A world exclusive with Justin Lyons, the underwater cameraman who was with Steve Irwin when he passed away.
THE cameraman present at Steve Irwin’s death has today opened up about the beloved conservationist’s final moments, revealing his final chilling words: “I’m dying.”
Underwater cameraman Justin Lyons was the sole witness to Irwin’s death — the only person underwater with him as they filmed wildlife on the Great Barrier Reef in 2006. On this morning’s episode of Network Ten’s Studio 10 program, he spoke publicly for the first time about Irwin’s last moments.
Irwin and crew were eight days into a shoot for a new nature documentary called Ocean’s Deadliest. Chartering a small inflatable boat through chest-deep water, they came across a “massive, eight-foot-wide stingray”.
“Stingrays are normally very calm — if they don’t want you to be near them, they’ll swim away,” Lyons told hosts Jessica Rowe and Ita Buttrose.
“We stood up and said, ‘One last shot. You swim up from behind the animal and I’ll try to get a shot of it swimming away’.”
“All of a sudden it propped on its front and started stabbing wildly with its tail. Hundreds of strikes in a few seconds.”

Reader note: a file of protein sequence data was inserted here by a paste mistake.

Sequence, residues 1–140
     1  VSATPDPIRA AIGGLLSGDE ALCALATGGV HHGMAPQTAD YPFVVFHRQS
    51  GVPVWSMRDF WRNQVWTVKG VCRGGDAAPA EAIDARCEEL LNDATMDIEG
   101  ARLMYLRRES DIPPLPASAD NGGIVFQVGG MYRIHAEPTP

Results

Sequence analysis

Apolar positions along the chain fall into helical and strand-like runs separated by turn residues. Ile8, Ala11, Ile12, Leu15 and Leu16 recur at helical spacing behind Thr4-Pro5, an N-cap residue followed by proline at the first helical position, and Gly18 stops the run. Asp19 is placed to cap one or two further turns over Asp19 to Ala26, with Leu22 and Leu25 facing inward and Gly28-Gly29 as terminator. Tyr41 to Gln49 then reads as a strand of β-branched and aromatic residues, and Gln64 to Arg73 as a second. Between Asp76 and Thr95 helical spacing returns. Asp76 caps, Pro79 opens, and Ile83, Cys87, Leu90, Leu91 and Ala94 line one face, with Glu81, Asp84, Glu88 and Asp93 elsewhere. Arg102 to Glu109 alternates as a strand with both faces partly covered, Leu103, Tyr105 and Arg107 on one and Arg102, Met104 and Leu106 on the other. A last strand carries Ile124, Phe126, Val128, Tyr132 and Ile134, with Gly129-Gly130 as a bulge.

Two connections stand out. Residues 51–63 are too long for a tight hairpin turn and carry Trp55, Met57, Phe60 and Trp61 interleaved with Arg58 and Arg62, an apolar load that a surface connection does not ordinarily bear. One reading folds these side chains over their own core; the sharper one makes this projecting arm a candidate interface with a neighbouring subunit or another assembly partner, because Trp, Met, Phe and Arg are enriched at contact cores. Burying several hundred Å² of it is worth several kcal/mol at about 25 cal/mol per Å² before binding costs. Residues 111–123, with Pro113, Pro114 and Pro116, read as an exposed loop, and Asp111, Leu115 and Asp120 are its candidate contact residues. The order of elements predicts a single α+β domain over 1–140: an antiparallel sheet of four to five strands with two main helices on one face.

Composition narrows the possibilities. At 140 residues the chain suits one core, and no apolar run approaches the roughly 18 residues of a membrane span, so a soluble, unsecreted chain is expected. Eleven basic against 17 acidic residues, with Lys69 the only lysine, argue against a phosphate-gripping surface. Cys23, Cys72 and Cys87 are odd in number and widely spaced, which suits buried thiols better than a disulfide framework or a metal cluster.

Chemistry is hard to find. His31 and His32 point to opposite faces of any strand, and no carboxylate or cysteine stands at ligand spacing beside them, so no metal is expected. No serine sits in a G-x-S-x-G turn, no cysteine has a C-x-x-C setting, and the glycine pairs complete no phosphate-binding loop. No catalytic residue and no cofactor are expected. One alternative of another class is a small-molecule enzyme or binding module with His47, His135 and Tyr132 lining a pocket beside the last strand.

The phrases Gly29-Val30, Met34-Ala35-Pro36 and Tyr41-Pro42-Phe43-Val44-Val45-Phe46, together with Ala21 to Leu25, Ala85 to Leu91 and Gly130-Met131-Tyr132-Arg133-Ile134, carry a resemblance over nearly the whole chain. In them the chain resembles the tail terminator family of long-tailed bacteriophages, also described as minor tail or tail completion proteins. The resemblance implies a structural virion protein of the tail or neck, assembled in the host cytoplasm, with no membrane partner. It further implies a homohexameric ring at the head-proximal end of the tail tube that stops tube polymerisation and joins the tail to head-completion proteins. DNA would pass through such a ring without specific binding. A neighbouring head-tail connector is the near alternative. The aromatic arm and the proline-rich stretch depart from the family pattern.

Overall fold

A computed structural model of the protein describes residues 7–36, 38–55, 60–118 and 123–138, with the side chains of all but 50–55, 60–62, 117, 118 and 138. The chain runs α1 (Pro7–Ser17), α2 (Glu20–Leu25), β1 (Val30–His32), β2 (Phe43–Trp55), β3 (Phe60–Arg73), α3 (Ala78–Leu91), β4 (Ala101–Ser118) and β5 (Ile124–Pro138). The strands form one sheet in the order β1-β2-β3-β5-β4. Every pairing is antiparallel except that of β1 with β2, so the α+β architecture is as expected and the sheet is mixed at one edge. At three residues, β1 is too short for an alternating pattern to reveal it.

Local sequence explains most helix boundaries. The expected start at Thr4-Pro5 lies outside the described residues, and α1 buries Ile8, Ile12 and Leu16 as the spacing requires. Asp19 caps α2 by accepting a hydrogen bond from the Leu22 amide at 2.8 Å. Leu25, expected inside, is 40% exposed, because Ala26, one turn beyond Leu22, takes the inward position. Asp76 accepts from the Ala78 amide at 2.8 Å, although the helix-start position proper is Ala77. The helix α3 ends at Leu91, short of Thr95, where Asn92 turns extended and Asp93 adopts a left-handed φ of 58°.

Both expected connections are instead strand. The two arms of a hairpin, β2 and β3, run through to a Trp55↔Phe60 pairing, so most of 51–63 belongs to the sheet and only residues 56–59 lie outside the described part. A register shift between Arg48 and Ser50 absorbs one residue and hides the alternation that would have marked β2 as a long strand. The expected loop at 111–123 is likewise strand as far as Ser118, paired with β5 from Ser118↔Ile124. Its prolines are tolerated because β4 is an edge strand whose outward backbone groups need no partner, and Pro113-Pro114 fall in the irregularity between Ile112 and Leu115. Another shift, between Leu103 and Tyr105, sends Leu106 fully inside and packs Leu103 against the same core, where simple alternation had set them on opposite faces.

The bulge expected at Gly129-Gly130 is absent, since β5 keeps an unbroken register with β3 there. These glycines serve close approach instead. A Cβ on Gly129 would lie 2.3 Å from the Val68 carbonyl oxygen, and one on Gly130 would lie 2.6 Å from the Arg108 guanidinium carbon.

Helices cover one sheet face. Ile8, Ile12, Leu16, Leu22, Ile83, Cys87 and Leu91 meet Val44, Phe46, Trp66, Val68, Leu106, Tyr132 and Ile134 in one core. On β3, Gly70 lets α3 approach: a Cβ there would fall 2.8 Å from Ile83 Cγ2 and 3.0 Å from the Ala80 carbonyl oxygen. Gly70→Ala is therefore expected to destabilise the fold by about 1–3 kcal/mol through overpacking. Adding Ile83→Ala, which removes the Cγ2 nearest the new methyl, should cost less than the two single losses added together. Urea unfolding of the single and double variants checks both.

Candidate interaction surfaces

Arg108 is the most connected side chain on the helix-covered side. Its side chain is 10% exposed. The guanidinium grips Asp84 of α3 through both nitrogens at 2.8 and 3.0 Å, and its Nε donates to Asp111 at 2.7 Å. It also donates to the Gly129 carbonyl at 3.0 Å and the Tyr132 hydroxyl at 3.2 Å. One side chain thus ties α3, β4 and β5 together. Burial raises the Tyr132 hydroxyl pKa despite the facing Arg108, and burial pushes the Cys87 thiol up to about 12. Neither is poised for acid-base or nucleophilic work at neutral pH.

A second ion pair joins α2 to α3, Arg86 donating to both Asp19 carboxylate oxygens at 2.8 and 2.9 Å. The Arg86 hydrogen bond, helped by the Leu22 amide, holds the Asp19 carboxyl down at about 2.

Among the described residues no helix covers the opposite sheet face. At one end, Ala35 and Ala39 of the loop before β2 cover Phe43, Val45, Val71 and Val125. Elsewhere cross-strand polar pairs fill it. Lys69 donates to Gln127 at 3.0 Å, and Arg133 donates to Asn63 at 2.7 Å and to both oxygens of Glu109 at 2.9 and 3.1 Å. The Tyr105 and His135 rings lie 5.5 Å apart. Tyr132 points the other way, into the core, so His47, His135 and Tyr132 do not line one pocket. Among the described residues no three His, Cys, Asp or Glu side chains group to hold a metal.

Lyons said he thought the stingray had probably mistaken Irwin’s shadow for a tiger shark, as they are the rays’ natural predators.
“I panned with the camera as the stingray swam away — I didn’t even know it had caused any damage. It wasn’t until I panned the camera back and Steve was standing in a huge pool of blood that I realised something was wrong.”
Lyons explained that, contrary to media reports in the aftermath of the tragedy, Irwin never tried to remove the barb from his chest.
“The stingray barb was a blade of about a foot extending out of the tail. Steve didn’t pull it out; it’s a jagged, sharp barb and it went through Steve’s chest like a hot knife through butter.”
Irwin initially thought it had punctured his lung. They threw him back into the inflatable boat.
“We assessed the situation for about five seconds. He had a two-inch injury over his heart with blood coming out of it.”
He was in extraordinary pain — they’ve got a venom on their barb, so I knew it must’ve been painful.”
As they raced back to shore, Lyons told Irwin to think of his children, Bindi and Robert.
“He just sort of calmly looked up at me and said, ‘I’m dying’. And that was the last thing he said,” he said.
“We hoped for a miracle. I did CPR on him for over an hour before the medics came, but then they pronounced him dead within 10 seconds of looking at him.”
Another cameraman continued filming throughout the ordeal, in keeping with a longstanding order from Irwin that cameras capture any attack or accident he may suffer while filming.
Despite this, Lyons said he didn’t think the footage of the incident should ever be released — and that he didn’t know if it even existed anymore.
“Never. Out of respect for his family, I would say never.”